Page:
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Mendoza takes cost concerns to public

March 19, 2001|By DARREN SIMON, Staff Writer

Imperial Irrigation District Director Stella Mendoza is taking her fight over how the district divides its $9 million in information technology costs to the public.

Mendoza said this morning she and some supporters are circulating a petition throughout the Imperial Valley.

That petition, which calls for IID to split the cost of information technology 76/24 between the power and water departments, will be presented to the district Board of Directors during its meeting March 26.

That division in costs would have the power department pay 76 percent for computer software and hardware systems and the water department pay 24 percent.

Mendoza's move to circulate petitions comes a week after the board approved a 90/10 split in costs in which the power side will pay 90 percent.


"It's not fair to the rate-payers," Mendoza said, adding to have the power side pay 90 percent would bring a $1.2 million cut in the power department.

Mendoza and board President Andy Horne cast the votes against the 90/10 split. Directors Bruce Kuhn, Lloyd

Allen and Rudy Maldonado voted for the 90/10 split.

Kuhn said that split not only is fair but was approved by the board in the mid-1990s when it was considering adding the SAP software system.

He said the board had to approve the 90/10 split or the district would not have gotten the SAP system, which was deemed necessary for the power department in light of pending power deregulation.

"I cannot and will not go against the original intent," Kuhn said, adding of Mendoza's move to seek petitions, "She may sway a third vote, but she will not get mine."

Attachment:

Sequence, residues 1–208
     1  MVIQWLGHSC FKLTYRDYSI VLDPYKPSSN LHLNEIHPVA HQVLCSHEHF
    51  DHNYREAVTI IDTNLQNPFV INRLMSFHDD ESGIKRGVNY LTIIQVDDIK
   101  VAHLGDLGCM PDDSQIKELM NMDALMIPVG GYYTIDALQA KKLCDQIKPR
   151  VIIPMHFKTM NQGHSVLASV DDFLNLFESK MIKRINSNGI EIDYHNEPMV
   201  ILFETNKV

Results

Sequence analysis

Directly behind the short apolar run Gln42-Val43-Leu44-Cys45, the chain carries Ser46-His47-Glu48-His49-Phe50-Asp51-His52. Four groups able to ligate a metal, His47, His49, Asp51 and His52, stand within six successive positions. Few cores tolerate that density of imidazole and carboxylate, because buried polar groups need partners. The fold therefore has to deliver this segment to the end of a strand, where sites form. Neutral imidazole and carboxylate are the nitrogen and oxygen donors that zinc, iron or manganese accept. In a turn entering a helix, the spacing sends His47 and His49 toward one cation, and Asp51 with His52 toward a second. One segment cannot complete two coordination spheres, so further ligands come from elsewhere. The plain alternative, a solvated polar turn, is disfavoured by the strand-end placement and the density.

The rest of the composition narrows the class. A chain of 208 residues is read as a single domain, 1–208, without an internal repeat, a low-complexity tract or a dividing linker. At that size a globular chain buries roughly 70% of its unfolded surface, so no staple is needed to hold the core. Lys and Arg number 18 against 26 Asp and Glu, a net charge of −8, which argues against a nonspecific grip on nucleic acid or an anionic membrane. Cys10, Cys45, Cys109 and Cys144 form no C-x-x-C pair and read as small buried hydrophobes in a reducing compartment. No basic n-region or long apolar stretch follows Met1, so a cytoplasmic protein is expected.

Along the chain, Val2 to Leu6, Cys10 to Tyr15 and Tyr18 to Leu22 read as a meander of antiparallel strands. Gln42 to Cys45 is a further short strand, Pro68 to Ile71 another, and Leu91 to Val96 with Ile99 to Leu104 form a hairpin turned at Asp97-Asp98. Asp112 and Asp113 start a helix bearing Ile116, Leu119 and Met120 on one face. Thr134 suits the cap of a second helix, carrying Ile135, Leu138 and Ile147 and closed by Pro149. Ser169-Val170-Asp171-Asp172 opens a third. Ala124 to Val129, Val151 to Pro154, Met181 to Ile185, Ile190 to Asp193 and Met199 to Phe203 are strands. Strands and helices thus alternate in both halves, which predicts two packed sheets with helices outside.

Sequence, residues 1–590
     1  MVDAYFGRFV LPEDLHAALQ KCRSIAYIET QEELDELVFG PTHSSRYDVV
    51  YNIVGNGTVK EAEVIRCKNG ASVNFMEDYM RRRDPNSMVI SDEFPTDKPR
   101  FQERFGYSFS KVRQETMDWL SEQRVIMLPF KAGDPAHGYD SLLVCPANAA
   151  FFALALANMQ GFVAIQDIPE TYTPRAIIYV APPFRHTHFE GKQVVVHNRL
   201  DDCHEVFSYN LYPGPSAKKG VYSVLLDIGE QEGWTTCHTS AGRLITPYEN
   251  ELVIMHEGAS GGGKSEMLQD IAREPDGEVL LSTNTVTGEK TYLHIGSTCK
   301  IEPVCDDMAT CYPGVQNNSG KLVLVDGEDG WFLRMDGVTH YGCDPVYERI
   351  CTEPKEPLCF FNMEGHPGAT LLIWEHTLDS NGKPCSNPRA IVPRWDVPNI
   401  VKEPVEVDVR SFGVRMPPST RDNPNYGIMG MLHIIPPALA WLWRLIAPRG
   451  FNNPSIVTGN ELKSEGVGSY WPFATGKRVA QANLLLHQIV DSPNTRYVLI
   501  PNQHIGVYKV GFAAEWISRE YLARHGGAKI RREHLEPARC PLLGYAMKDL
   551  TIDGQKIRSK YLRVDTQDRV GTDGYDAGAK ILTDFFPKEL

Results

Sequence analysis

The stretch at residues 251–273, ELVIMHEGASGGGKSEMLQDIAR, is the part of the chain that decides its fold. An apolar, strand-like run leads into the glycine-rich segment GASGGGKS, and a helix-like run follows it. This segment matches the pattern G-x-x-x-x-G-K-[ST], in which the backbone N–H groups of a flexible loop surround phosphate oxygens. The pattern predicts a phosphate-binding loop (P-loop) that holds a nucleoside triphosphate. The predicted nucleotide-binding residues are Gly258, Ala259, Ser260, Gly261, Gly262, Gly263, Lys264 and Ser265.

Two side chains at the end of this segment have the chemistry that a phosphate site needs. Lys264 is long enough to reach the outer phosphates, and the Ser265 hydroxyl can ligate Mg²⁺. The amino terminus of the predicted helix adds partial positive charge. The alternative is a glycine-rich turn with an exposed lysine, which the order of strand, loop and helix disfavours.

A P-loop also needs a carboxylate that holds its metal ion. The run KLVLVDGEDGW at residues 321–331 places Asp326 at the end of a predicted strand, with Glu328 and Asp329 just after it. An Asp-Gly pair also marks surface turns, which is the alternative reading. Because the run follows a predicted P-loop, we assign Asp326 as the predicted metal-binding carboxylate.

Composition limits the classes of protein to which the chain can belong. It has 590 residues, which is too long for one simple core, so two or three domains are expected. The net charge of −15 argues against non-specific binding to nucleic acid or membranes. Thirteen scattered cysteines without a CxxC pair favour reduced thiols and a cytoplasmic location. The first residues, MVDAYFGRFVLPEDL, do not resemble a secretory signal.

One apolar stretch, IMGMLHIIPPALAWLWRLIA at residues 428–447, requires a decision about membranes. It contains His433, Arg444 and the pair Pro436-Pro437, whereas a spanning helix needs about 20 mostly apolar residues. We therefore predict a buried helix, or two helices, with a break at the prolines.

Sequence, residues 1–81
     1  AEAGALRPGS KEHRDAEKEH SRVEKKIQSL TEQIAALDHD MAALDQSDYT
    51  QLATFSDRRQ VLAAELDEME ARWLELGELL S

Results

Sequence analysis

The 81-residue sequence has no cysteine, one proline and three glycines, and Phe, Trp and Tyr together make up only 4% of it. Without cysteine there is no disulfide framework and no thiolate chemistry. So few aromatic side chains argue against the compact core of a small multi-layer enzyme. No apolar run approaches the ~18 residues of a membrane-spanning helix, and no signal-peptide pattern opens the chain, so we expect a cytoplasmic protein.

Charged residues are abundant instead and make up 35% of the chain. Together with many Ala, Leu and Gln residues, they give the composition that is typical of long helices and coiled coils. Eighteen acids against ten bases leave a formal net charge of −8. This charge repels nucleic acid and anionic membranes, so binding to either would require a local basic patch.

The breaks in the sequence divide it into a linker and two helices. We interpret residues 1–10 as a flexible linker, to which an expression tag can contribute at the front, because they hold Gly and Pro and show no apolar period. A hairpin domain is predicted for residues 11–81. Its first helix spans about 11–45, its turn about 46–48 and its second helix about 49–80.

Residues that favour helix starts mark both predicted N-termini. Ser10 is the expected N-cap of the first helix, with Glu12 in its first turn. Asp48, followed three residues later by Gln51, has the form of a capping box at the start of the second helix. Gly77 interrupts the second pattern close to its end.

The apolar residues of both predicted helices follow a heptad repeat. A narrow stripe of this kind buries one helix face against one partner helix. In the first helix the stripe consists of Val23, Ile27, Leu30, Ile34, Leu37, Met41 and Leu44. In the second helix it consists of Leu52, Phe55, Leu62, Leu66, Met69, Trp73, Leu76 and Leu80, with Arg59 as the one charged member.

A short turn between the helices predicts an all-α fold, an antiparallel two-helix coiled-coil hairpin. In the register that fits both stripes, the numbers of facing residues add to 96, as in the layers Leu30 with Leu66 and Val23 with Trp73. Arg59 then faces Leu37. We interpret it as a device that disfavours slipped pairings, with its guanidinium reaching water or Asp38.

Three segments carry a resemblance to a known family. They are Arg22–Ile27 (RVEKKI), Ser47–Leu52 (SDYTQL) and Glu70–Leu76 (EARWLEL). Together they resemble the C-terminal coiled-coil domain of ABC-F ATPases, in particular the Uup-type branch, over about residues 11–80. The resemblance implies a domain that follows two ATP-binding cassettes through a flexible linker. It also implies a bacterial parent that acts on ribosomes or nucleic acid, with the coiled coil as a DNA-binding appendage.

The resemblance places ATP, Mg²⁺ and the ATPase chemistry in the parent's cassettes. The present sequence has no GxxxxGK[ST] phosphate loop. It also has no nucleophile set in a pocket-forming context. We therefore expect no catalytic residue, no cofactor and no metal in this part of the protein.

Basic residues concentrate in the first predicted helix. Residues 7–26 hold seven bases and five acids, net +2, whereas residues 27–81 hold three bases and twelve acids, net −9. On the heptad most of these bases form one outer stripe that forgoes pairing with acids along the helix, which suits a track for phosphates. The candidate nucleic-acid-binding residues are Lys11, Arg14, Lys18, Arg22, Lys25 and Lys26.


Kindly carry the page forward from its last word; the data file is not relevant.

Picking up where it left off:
In this year's district budget adopted in December the board approved a 76/24 split for information technology.

The board took that action based on staff reports that the 76/24 split more accurately represented the information technology used by the departments.

Kuhn approved the budget with the 76/24 split, but the board agreed to revisit budgetary issues such as the information technology cost split.

Kuhn opted to rekindle the issue recently, stating concern that the board had gone against the intent of the vote when the SAP system was purchased.

He gained the votes needed to have the split returned to 90/10. That was finalized during the board's last meeting, in La Quinta.

Mendoza vowed to not let the issue die. She said her concern is the power department and its customers are being asked to pay a portion of the information technology used by the water department.

Mendoza said along with the petitions, she is asking the public attend the meeting to state how they want the district to divide the costs.

Kuhn said Mendoza's action could prove divisive.

"I just don't think it is advantageous to the district to solve this in a bloodbath," Kuhn said, adding, "If she wants to divide the Valley, this is a step toward doing that."

He added, "This is going to drive a wedge between power and water users."

Mendoza responded, "It's important that both the water customers and rate-payers get equal representation on the board and both departments are treated fairly."

She added, "The 90/10 split places an unfair burden on the rate-payers."

Mendoza said if the split remains 90/10 power customers could either see cuts in service or rate increases.

Staff Writer Darren Simon can be reached at 337-4082.

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